You’re looking for an answer to important questions before we’ve had time to talk about it. I don’t understand that. Also, you have to get Fannie and Freddie out of your mind. Fannie and Freddie both now are amalgams. They do both some level of subsidy, and they’re a private shareholder company.
So no, I do not see any possibility of them being a private company. I mean, what would they do? There’s total nationalization and total privatization. Again, separate out from some kind of public utility. We do know what the functions we want them to serve are. As I said before, we need some level of intermediate subsidy, some level of secondary mortgage market liquidity, some kind of stand-by capacity in case of emergency, and figure out the best role for Home Loan Banks. How much of the public shallow subsidy to be taken over from Fannie Mae by FHA and Ginnie Mae is yet to be seen, but we’re going to have serious discussions about all of that. We’ll begin funding the trust fund with TARP money or and we’ll find other ways to do that.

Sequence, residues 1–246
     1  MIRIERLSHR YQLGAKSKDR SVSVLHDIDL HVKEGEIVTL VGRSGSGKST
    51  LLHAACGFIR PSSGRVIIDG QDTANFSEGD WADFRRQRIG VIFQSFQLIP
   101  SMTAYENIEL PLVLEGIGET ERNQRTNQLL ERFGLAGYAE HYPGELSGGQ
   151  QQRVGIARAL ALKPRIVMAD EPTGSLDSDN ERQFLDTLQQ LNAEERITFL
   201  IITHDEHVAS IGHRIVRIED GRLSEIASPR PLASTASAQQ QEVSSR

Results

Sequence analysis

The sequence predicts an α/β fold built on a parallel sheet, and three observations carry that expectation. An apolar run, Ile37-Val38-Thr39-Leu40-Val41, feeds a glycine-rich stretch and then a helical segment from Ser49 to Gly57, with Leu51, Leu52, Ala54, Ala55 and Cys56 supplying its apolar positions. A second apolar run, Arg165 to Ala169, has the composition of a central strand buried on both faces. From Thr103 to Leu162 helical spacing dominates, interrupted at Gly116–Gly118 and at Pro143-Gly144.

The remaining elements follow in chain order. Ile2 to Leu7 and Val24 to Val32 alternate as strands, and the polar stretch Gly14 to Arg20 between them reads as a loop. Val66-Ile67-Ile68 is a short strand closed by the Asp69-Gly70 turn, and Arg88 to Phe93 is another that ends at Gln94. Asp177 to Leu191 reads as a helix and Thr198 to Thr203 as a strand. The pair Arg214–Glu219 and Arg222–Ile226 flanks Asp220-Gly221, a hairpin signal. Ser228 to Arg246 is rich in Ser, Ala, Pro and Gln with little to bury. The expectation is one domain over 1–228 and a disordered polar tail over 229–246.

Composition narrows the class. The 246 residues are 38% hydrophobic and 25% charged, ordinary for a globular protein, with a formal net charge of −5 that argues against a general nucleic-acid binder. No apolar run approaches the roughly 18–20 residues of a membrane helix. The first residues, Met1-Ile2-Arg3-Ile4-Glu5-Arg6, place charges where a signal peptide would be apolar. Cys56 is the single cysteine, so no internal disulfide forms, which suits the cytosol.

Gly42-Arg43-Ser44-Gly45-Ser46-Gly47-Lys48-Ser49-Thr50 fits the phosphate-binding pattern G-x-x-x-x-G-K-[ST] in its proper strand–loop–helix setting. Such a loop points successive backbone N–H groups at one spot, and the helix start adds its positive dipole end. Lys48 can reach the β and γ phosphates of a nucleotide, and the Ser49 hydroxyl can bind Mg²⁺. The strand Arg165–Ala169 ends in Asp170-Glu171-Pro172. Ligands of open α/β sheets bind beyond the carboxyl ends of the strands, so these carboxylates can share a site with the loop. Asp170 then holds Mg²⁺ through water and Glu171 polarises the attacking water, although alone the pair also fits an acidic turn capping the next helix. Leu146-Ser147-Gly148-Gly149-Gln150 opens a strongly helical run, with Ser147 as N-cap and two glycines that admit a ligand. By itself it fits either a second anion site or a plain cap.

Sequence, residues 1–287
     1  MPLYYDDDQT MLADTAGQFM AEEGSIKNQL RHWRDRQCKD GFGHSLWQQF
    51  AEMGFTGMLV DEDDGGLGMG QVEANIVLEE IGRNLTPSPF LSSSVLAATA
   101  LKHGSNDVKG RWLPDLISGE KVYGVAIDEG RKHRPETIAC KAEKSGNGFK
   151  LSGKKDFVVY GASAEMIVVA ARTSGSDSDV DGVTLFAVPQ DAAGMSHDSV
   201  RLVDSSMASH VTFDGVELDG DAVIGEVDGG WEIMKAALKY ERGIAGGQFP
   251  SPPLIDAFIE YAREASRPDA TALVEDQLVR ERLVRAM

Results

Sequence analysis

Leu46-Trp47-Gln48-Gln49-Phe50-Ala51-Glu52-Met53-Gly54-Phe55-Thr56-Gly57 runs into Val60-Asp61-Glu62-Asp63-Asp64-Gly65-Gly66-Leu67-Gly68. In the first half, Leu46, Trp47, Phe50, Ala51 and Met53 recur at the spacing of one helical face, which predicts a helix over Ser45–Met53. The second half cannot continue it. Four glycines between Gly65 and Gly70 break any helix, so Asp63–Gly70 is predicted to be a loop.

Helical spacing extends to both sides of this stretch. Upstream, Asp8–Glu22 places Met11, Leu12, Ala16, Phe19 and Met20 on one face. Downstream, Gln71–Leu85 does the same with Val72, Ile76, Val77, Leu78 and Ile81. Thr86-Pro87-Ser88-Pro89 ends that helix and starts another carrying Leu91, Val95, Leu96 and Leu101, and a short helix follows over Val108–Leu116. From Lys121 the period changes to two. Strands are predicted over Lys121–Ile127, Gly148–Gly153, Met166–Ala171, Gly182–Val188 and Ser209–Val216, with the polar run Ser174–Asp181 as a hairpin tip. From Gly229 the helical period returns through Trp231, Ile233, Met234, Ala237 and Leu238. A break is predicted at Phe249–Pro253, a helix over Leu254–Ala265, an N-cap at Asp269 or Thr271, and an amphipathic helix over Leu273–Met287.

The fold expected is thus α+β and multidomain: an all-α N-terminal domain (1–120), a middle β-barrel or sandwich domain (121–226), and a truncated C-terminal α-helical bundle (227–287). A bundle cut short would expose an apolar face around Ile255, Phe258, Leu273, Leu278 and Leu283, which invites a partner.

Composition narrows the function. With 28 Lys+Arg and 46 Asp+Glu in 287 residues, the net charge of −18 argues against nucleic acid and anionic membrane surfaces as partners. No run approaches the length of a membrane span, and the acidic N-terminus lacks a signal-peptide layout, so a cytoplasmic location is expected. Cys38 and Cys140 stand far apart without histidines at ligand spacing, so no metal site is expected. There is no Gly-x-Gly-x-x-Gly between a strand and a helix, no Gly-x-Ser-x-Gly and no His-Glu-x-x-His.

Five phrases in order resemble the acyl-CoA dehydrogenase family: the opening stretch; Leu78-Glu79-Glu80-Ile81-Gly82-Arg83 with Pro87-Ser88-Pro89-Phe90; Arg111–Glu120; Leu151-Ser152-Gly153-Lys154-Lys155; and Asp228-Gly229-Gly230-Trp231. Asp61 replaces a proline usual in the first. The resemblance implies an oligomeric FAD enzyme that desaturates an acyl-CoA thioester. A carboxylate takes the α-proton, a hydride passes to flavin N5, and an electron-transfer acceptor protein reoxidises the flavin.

For example, if you get a private company doing liquidity in the mortgage market, we may go back to what we originally talked about, which is some of the profits that are generated by that would be given over to the Low-Income Housing Trust Fund. I didn’t want to increase the goals, or burden, on Fannie and Freddie. It’s just too complicated with them being private companies. They can make money and reappropriate some of that profit and put into the Affordable Housing Trust Fund.
Depending on how we work this out, that model may occur. You know, the Federal Home Loan Bank already has an affordable housing program and we may be able to repurpose that housing finance system so there will be some entity generating sufficient profit that we can take some of that and put it into an affordable housing trust fund.